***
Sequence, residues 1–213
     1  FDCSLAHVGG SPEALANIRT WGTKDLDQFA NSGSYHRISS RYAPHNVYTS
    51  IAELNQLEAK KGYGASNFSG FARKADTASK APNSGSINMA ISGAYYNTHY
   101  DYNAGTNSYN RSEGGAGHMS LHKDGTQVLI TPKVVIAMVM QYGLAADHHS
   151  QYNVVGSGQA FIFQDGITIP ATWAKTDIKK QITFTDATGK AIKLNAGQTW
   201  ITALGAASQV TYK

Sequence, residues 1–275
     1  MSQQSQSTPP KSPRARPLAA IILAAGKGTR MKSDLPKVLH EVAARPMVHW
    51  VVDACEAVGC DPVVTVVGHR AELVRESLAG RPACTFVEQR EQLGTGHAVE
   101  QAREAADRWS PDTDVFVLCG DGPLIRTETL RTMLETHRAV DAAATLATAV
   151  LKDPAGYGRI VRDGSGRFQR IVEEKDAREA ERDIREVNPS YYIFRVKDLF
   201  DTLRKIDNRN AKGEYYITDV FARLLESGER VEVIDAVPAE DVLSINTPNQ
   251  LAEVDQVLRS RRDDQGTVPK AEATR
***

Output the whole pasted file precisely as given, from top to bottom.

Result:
Sequence, residues 1–213
     1  FDCSLAHVGG SPEALANIRT WGTKDLDQFA NSGSYHRISS RYAPHNVYTS
    51  IAELNQLEAK KGYGASNFSG FARKADTASK APNSGSINMA ISGAYYNTHY
   101  DYNAGTNSYN RSEGGAGHMS LHKDGTQVLI TPKVVIAMVM QYGLAADHHS
   151  QYNVVGSGQA FIFQDGITIP ATWAKTDIKK QITFTDATGK AIKLNAGQTW
   201  ITALGAASQV TYK

Sequence, residues 1–275
     1  MSQQSQSTPP KSPRARPLAA IILAAGKGTR MKSDLPKVLH EVAARPMVHW
    51  VVDACEAVGC DPVVTVVGHR AELVRESLAG RPACTFVEQR EQLGTGHAVE
   101  QAREAADRWS PDTDVFVLCG DGPLIRTETL RTMLETHRAV DAAATLATAV
   151  LKDPAGYGRI VRDGSGRFQR IVEEKDAREA ERDIREVNPS YYIFRVKDLF
   201  DTLRKIDNRN AKGEYYITDV FARLLESGER VEVIDAVPAE DVLSINTPNQ
   251  LAEVDQVLRS RRDDQGTVPK AEATR